Assessing COVID-19 Vaccine Misinformation Interventions Among Rural, Suburban, and Urban Residents
Publication Date: 2022
Misinformation about COVID-19 vaccines has contributed to around 22% of the adult population in the United States being unwilling to vaccinate themselves against the disease (Khubchandani et al., 20211). As part of an effort to reduce the impact of vaccine misinformation, this study aimed to examine and compare how commenting on a Facebook misinformation post or viewing an artificial intelligence (AI) fact-check label affected attitudes toward COVID-19 vaccination. We found that both interventions were effective at promoting positive attitudes toward vaccination compared to the misinformation exposure condition. However, the intervention effects manifested differently depending on participants’ residential locations, such that the commenting intervention was more effective among suburban users and the AI fact-check label intervention was more effective for urban users. Among rural users the commenting intervention encouraged a modest increase in positive attitudes toward vaccination and the AI fact-check label had no significant effects. These findings suggest that although social media platform-based misinformation interventions may be promising tools, the interventions should be developed in a more sophisticated way to address individual differences among users in different locations.
Despite the medical consensus that the COVID-19 vaccine is to the best way protect oneself and one’s family, friends, and community from the disease, vaccine hesitancy is persistently high in the United States (Coustasse et al., 20212). Amongst other factors, misinformation and conspiracy theories have played a prominent role in increasing some people’s resistance to taking the vaccine. Conspiratorial misinformation has been spread particularly through social media.
In an effort to counter conspiratorial health-related misinformation, researchers in the field of media have studied various misinformation interventions applied to social media platforms. These interventions include providing news stories relevant to the misinformation topic on social media newsfeeds (Bode & Vraga, 20153), real-time user comments that correct misinformation (Vraga, et al., 20214), or a false tag attached as a web browser extension (Lee, 20205). For this study, we define social media platform-based interventions as efforts to mitigate the negative impact of misinformation about the COVID-19 vaccine.
The current research examined two types of social media platform-based interventions. In the first intervention, which we called the “commenting on misinformation post” condition, users were required to leave comments on a misinformation post. This intervention gave users control over the process and encouraged more active engagement with the misinformation. In the second intervention, which we called “artificial intelligence (AI) fact-check label” condition, users viewed a fact-check label produced by the AI. In this case, user engagement was limited because users were not given the opportunity to comment. Given these differences between the two interventions, we define a commenting intervention as a “user agency-based misinformation intervention” and AI fact-checking labeling as a “machine agency-based misinformation intervention.”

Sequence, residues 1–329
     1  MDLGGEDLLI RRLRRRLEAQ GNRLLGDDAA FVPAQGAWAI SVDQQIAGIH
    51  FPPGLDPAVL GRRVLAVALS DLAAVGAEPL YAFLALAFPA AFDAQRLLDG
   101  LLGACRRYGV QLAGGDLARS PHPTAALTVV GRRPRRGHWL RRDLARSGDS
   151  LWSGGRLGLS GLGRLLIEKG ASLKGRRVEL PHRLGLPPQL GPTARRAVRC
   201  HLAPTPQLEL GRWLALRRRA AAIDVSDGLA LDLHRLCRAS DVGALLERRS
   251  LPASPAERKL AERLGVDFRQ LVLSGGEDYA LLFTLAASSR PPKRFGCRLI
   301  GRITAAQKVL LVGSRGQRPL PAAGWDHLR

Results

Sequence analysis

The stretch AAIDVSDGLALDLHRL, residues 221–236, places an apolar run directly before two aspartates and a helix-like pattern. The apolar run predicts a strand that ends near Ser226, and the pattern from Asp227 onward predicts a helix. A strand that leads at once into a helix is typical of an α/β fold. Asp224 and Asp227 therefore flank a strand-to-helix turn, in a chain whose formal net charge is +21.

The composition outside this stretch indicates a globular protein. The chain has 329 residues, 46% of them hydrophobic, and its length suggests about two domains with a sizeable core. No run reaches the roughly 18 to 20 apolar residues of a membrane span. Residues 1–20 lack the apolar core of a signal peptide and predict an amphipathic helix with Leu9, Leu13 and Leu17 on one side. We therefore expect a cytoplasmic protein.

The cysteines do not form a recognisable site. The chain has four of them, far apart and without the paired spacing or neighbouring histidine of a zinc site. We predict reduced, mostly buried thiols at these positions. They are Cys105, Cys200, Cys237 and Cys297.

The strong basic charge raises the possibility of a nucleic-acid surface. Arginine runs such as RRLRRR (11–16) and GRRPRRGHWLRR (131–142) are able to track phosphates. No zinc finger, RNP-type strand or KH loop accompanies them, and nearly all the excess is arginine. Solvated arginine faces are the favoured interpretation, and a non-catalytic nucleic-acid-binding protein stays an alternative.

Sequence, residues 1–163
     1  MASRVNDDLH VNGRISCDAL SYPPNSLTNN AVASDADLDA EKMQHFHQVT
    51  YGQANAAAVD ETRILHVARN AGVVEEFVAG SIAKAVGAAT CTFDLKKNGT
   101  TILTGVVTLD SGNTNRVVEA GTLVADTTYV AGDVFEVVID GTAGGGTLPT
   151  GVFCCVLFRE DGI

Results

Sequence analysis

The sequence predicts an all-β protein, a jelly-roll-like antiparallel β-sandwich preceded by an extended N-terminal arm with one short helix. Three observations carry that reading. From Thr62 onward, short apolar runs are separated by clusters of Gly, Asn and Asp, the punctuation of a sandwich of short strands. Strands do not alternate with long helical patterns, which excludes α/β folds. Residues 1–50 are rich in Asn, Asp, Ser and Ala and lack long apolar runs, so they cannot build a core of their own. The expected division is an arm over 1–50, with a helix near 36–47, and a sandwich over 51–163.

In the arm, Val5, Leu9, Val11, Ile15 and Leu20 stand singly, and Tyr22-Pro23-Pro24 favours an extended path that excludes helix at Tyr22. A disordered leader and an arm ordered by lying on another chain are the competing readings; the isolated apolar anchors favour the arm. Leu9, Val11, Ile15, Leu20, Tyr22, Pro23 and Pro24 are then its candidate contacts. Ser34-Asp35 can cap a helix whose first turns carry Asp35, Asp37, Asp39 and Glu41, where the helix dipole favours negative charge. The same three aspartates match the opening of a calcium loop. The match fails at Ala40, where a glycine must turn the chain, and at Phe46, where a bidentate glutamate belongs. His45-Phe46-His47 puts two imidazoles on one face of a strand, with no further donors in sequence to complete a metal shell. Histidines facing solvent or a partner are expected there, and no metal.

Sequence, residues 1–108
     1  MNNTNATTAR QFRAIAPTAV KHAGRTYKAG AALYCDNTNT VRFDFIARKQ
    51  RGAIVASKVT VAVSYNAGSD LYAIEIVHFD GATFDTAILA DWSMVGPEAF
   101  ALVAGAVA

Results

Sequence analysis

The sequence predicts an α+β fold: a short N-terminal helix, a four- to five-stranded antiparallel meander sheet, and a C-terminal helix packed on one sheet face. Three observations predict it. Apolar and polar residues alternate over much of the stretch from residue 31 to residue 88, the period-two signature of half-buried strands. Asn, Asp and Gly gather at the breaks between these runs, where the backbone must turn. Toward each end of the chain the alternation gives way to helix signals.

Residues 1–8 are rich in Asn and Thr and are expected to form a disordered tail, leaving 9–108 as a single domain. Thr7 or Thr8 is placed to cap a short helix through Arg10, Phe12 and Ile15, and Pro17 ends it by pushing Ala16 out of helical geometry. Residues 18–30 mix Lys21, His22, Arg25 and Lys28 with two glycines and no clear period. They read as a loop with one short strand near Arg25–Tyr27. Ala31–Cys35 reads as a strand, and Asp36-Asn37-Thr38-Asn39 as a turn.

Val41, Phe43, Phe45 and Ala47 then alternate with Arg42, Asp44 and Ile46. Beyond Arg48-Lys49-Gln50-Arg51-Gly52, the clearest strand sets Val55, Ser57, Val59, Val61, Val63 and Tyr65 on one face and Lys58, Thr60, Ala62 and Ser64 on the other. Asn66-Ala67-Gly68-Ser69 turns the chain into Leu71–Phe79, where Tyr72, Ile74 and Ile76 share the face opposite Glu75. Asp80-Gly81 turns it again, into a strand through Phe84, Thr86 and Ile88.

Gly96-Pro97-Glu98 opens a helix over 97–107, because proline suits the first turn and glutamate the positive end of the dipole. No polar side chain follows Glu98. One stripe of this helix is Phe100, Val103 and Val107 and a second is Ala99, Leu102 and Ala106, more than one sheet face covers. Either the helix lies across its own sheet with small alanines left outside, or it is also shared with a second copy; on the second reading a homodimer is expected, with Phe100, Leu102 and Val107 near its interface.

This experiment allowed us to analyze the degree to which these interventions are able to protect users from the negative impacts of consuming conspiratorial misinformation on social media. In addition, we also examined how urban, suburban, and rural users responded to the misinformation interventions and whether their responses varied. Addressing this additional question provided insights on the possibility of targeting misinformation interventions to specific groups.
Commenting as User Agency-Based Misinformation Intervention
One way to defend oneself against misinformation is to cognitively scrutinize the misleading content rather than processing it superficially and accepting it as is (Pennycook et al., 20206). Previous research shows that the act of expressing oneself on social media leads to greater cognitive elaboration (Oeldorf-Hirsch, 20187; Yoo et al., 20178), which means that individuals process the information more deeply by linking it to their existing knowledge or paying closer attention to it (Chaiken et al., 19959). The challenge now is to identify those social media tools which activate users’ cognitive elaboration processes when they are exposed to misinformation.
As explained earlier, commenting on a misinformation post is a user agency-based intervention because it gives users control over communicating about the misinformation content (i.e., users control whether to simply indicate their agreement on the misinformation post or add specific thoughts in the comments section). In fact, social media platforms not only function as sources of information, but also motivate users to express themselves, allowing them to exercise agency. The interactive, bidirectional features of social media communication facilitate expression (Halpern & Gibbs, 201310). Self-expression on social media additionally takes various forms—for example, leaving comments on social media posts, replying to others’ opinions, or creating posts on one’s newsfeed. Further, the interactive features of social media enable one’s expression to be displayed to the public simultaneously, including one’s social networks (Gil de Zúñiga et al., 201411). Hence, by expressing one’s thoughts online rather than passively consuming information, users may conceive of themselves as issue-involved participants who take action rather than fence-sitters (Gil de Zúñiga et al., 2014).